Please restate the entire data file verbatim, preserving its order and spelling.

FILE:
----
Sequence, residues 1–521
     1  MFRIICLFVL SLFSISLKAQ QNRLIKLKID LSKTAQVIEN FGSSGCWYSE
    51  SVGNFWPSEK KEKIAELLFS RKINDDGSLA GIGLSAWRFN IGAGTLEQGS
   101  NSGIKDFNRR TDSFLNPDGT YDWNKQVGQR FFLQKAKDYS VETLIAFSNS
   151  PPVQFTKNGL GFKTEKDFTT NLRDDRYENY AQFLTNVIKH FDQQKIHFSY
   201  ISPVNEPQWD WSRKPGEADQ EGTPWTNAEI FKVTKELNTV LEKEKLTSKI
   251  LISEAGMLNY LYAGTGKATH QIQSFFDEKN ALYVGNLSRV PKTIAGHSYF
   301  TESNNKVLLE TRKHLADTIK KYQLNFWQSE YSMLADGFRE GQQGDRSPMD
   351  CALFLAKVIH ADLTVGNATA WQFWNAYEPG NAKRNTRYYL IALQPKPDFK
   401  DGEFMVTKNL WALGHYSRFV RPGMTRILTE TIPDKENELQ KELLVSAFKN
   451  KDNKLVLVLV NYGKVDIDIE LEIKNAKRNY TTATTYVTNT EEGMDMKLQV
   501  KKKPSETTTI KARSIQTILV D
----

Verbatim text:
Sequence, residues 1–521
     1  MFRIICLFVL SLFSISLKAQ QNRLIKLKID LSKTAQVIEN FGSSGCWYSE
    51  SVGNFWPSEK KEKIAELLFS RKINDDGSLA GIGLSAWRFN IGAGTLEQGS
   101  NSGIKDFNRR TDSFLNPDGT YDWNKQVGQR FFLQKAKDYS VETLIAFSNS
   151  PPVQFTKNGL GFKTEKDFTT NLRDDRYENY AQFLTNVIKH FDQQKIHFSY
   201  ISPVNEPQWD WSRKPGEADQ EGTPWTNAEI FKVTKELNTV LEKEKLTSKI
   251  LISEAGMLNY LYAGTGKATH QIQSFFDEKN ALYVGNLSRV PKTIAGHSYF
   301  TESNNKVLLE TRKHLADTIK KYQLNFWQSE YSMLADGFRE GQQGDRSPMD
   351  CALFLAKVIH ADLTVGNATA WQFWNAYEPG NAKRNTRYYL IALQPKPDFK
   401  DGEFMVTKNL WALGHYSRFV RPGMTRILTE TIPDKENELQ KELLVSAFKN
   451  KDNKLVLVLV NYGKVDIDIE LEIKNAKRNY TTATTYVTNT EEGMDMKLQV
   501  KKKPSETTTI KARSIQTILV D